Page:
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March 29, 2018

Cheap solar energy won't end the need for deep-green buildings

  • California energy markets show how surging demand after dark can force carbon-emitting power plants to step in to meet household needs.
  • By ZACK SEMKE
    NK Architects

    mug
    Semke

    The clean energy revolution is gathering steam with tech breakthroughs, record-breaking deployment rates, free-falling prices and a new, cautious optimism about the prospects for meaningful climate solutions.

    As this revolution unfolds, what are the implications for energy efficiency in our buildings? If it becomes cheaper to slap on solar panels than to insulate and air seal, do deep-efficiency approaches like Passive House make sense?

    Should we just ditch energy efficiency for clean energy?

    In fact, building energy efficiency has never been more relevant to climate action than today.

    The need for efficiency

    While the climate crisis is wickedly complex, climate math is pretty simple. Carbon emissions are a product of four factors: population, gross domestic product (GDP) per capita, energy intensity of the economy (per unit of GDP), and carbon intensity of that energy.

    Image provided by NK Architects [enlarge]
    Pittsburgh’s Morningside Crossing is a 46-unit senior housing project that includes a Passive House retrofit of a former school.

    We know that to limit global warming to well below 2 degrees Celsius, global carbon emissions need to peak by 2020 and then go down by 50 percent per decade every decade after.

    Global population will rise to around 9 billion people in coming decades. GDP per capita will also increase as hundreds of millions of people rise out of poverty. We should celebrate that.

    But the first two factors in our emissions math — population and GDP per capita — will increase, not decrease. That puts pressure on the latter two factors — energy intensity and carbon intensity. We need to see both decrease rapidly, with deep energy efficiency and renewable energy deployed all over the place. We need Passive House buildings everywhere, with solar panels on their rooftops.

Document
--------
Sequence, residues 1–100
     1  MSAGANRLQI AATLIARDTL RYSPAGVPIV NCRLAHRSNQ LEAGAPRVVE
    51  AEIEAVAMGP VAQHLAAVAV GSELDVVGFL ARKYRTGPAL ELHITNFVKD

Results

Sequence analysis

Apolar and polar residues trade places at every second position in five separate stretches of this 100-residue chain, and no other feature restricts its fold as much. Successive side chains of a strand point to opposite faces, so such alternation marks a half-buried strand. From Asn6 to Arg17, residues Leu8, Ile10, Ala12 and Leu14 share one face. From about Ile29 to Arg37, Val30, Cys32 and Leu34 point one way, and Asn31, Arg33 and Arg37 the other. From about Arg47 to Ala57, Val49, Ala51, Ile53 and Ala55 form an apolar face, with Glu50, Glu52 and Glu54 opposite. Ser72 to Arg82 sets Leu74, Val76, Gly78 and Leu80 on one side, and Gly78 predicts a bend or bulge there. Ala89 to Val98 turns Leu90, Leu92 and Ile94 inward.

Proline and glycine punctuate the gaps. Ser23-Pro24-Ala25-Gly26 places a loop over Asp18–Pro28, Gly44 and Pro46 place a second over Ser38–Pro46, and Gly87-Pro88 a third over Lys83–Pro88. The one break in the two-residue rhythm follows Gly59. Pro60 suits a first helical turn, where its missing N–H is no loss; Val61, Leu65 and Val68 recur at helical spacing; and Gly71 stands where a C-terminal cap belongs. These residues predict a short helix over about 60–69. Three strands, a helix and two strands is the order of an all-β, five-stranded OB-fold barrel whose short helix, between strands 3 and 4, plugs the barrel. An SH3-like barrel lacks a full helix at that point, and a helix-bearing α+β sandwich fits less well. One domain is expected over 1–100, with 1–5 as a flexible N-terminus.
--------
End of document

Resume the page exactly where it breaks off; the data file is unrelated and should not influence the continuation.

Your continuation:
Experts at the Carbon Tracker Initiative, DNV GL, Grantham Institute at Imperial College London, and the Energy Transitions Commission all concur: clean energy can propel us toward our Paris climate goals, but we need deep energy efficiency in our buildings to make the mark.

    When it comes to clean energy and Passive House, it's not either/or, it's both.

    Positive cash flow

    But is deep energy efficiency just too expensive? Not anymore.

    According to Pembina Institute, the average construction cost premium of Passive House projects is just 6 percent. Data from Pennsylvania Housing Finance Agency suggest that this premium could be as low as 2 percent for multifamily buildings. With upfront costs as low as 2-6 percent, ongoing utility bill savings can offset the bigger mortgage or construction loan payments required to fund Passive House construction. Passive House can be cash-flow positive from day one of occupancy.

    Policy mechanisms like "property assessed clean energy" financing can eliminate the split incentive problem, allowing project owners to invest in energy efficiency and assigning the debt service for that investment to the property itself. Future buyers enjoy the benefits of Passive House and take on the loan payments that fund those benefits, all cash-flow positive.

    When it comes to positive cash flow and Passive House, it's not either/or, it's both.

    Beware the duck curve

    A common way of thinking about buildings and climate action is through a "net zero" lens. Over the course of a year, you generate as much renewable energy on site as your building consumes.

    In the summer, you are a net producer, and in the winter you are a net consumer. Does this mean you can ignore building efficiency, install a bunch of solar panels on a code-built building and call it good? Well, no.